New home sales came in slightly higher at 623,000 (seasonally adjusted, annualized rate) in April compared to March; that is 6.2% below the year-ago level. All regions except the West posted gains for the month. The inventory of new homes for sale now sits at a 6.3 months’ supply, the typical amount of time necessary for the market to clear. For comparison, inventory peaked at 12.2 months supply during the housing bust more than 10 years ago. The current inventory will help keep prices from falling or rising too sharply on average - something that is a concern to both buyers and sellers in this pandemic market.
Existing home sales, the largest segment of the housing market but a lagging indicator, came in at a seasonally adjusted annual rate of 4.33 million in April, a drop of 17.8% from March and 17.2% from a year ago. Those moves mark the largest monthly drop since July 2010 and the biggest annual drop since November 2010. Prices continued to climb in April on inadequate supply; inventory was 4.1 months’ supply, less than the market-clearing rate. Distressed sales, a small portion of the market at around 3% of all sales, remained flat in April compared to last year. That is a sign that the mortgage forbearance program offered by the CARES act is helping to stave off a housing crisis.
Fannie Mae’s April survey of home buyer confidence showed an even split on whether this is a good time to buy a house. Most agreed this is not a good time to sell. That underlines the belief that many would-be sellers are not listing their homes, something which would exacerbate the supply crunch when the economy reopens. We expect the shortage of supply to continue since builders scrapped or delayed projects during the lockdown, even though construction was deemed essential.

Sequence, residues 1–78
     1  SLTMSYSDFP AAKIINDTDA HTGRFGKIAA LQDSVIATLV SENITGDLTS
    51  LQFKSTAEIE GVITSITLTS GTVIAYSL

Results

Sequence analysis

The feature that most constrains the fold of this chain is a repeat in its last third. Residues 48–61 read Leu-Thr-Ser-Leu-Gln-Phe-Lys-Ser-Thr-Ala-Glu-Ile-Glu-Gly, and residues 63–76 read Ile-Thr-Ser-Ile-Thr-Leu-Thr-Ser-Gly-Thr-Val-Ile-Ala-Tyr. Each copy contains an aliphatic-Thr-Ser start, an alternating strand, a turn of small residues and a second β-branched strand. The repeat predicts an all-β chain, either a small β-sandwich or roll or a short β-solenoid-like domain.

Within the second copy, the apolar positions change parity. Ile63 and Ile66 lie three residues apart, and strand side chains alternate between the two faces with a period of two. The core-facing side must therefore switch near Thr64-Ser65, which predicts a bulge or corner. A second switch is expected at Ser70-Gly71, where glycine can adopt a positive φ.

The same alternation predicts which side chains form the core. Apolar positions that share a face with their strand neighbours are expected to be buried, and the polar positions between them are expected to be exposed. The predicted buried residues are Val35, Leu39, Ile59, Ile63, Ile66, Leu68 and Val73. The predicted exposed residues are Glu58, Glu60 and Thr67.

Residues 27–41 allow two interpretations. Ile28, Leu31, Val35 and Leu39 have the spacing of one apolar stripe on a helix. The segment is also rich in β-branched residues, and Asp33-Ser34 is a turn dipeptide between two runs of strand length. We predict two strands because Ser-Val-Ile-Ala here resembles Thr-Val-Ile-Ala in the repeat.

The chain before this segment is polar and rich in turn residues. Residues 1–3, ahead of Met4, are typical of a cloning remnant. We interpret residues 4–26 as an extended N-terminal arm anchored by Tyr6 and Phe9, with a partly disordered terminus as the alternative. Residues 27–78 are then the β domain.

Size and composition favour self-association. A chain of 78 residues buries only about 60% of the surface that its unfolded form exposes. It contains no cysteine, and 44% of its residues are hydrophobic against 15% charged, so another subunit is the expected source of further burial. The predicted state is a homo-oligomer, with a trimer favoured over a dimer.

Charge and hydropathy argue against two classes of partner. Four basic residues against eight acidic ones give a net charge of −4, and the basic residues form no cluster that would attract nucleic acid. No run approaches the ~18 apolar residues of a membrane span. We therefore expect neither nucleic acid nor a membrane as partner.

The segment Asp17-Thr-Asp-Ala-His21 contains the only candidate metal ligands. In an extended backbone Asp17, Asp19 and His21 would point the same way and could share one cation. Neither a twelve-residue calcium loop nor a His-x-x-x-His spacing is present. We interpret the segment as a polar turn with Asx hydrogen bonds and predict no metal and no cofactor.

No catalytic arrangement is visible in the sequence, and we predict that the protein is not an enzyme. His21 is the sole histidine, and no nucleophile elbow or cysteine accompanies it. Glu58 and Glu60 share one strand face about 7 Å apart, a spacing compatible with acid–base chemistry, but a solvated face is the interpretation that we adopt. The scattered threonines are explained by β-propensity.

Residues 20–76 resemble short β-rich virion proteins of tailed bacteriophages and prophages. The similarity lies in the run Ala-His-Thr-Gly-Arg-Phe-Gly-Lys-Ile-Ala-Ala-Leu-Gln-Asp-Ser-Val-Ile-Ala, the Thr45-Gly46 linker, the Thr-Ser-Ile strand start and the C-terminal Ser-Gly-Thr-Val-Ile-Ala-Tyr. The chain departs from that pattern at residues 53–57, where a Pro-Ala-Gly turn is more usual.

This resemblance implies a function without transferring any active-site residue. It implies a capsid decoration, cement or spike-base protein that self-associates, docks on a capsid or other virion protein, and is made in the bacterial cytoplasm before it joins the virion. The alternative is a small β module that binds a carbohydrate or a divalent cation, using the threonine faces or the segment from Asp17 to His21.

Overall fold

Home buyers were active during the COVID-19 lockdown and will remain so as the economy begins to reopen. With incredibly attractive mortgage rates and pent-up demand from first-time buyers, there are reports of bidding wars at several times the previous pace. Realtors report increased interest in virtual tours and self-guided tours of empty houses. Under COVID restrictions, the traditionally busy Spring home-buying season could be pushed out into late Summer or even Fall. Mortgage applications are rising but the mortgage process has become more difficult with tightening credit conditions. This could become a headwind when we are looking for the economy to recover. Persistent unemployment takes a toll over time.
Copyright © 2020 Diane Swonk – All rights reserved. The information provided herein is believed to be obtained from sources deemed to be accurate, timely and reliable. However, no assurance is given in that respect. The reader should not rely on this information in making economic, financial, investment or any other decisions. This communication does not constitute an offer or solicitation, or solicitation of any offer to buy or sell any security, investment or other product. Likewise, this communication serves to provide certain opinions on current market conditions, economic policy or trends and is not a recommendation to engage in, or refrain from engaging, in a particular course of action.